August 10, 1962
Hartford, Connecticut, United States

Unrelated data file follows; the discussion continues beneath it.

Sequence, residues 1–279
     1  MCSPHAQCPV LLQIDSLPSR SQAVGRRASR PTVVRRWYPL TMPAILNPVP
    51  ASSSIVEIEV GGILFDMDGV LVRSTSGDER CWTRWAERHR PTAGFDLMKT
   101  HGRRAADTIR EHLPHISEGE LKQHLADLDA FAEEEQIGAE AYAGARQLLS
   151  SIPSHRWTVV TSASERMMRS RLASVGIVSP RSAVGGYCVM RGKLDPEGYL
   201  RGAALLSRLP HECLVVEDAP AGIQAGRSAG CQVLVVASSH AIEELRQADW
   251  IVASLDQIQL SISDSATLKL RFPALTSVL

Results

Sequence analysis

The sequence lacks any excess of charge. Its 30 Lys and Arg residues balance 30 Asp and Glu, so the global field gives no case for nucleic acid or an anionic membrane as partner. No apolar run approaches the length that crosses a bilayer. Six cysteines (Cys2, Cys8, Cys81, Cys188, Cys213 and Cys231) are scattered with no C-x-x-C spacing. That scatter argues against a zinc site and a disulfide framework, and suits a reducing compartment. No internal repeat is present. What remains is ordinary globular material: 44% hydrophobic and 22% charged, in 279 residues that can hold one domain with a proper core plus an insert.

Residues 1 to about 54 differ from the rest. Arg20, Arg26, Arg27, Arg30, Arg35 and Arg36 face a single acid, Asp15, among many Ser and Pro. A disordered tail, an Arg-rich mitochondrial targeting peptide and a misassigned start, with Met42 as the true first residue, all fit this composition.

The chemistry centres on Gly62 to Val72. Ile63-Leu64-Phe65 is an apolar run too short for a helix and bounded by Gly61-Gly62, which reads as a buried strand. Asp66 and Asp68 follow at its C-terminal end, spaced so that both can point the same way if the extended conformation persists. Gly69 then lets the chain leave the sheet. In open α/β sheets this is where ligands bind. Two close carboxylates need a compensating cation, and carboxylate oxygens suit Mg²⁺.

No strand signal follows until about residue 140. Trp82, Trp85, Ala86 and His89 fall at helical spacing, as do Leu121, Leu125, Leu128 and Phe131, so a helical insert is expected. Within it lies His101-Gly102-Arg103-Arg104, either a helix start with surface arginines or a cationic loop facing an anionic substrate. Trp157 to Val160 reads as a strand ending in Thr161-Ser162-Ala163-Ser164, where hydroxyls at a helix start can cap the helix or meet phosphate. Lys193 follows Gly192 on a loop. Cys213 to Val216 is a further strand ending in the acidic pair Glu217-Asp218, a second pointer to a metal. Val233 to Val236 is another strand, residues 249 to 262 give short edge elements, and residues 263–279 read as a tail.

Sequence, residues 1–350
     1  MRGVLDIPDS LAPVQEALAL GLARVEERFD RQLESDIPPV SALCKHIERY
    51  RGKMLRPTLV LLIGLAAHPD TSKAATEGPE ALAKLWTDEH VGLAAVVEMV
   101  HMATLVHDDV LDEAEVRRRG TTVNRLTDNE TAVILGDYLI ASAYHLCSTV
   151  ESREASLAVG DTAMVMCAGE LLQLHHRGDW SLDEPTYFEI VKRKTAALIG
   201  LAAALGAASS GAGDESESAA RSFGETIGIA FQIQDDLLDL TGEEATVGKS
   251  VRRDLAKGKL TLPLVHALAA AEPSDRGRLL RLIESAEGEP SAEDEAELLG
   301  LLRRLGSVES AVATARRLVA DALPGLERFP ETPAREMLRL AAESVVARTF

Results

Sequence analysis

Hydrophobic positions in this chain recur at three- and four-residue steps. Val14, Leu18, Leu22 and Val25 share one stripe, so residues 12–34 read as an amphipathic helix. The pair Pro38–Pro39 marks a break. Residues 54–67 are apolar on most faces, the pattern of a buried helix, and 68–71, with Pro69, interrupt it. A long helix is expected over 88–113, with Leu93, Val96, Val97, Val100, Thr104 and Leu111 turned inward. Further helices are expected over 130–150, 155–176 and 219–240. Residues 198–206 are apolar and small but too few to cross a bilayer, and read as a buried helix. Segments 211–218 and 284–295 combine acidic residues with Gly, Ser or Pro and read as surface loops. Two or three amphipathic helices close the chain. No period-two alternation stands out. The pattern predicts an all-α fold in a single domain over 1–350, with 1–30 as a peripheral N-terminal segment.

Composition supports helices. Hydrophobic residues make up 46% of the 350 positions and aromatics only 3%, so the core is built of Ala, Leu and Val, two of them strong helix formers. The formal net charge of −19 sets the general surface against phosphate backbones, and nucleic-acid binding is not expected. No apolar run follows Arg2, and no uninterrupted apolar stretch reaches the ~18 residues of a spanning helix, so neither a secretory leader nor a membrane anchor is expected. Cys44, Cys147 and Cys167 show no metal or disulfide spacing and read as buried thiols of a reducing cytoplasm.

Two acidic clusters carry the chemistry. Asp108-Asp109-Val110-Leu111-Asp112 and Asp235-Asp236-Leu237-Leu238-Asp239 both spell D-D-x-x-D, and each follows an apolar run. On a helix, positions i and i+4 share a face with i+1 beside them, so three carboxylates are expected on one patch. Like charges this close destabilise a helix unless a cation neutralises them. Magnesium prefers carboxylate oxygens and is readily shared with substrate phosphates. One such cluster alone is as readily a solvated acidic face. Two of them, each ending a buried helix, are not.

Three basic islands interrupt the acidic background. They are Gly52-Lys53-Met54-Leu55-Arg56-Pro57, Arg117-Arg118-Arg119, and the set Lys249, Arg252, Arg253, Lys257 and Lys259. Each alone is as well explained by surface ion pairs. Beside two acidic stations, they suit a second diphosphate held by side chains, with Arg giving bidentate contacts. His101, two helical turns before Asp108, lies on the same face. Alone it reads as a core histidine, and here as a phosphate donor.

One of the most influential authors of young adult novels in the 21st century, Suzanne Collins was renowned as the writer behind both The Hunger Games Trilogy and The Underland Chronicles. Born in Hartford, Connecticut in 1962, Collins' family moved frequently in order to accommodate her father's career in the military. She would eventually earn her bachelor's in theater and telecommunications from Indiana University, and later went on to earn an MFA in dramatic writing from the Tisch School for the Arts. Collins was already interested in writing at this time, but she sought an outlet for her talents on the screen rather than the page, becoming a staff writer on the tween series "Clarissa Explains it All" (Nickelodeon, 1991-94). She would go on to write for "The Mystery Files of Shelby Woo" (Nickelodeon, 1996-99) and "Generation O!" (Kids' WB, 2000-01). It was around this time that Collins landed upon the idea for her first book while reflecting on the classic novel Alice in Wonderland. Collins thought that modern readers would have a greater chance of falling through a manhole than into a rabbit's hole, and soon she began creating the subterranean world of the Underland series. By 2007, the series was wildly successful with five installments, but Collins' creative drive was still active. After taking inspiration from Greek mythology, reality TV, and just-war theory, she came up with the complex world of the Hunger Games series, publishing the entire trilogy between 2008 and 2010. The books' compelling characters and dark social subtext made them a monumental hit, and in 2012 Collins was tapped to adapt the first book into a screenplay. The resulting movie, "The Hunger Games" (2012), was a smash hit, and Collins would help adapt the rest of the series into a total of four blockbuster hit films. In 2013, Collins drew on her childhood experience to publish Year of the Jungle, a picture book about a young girl coping with her father leaving to fight in the Vietnam War.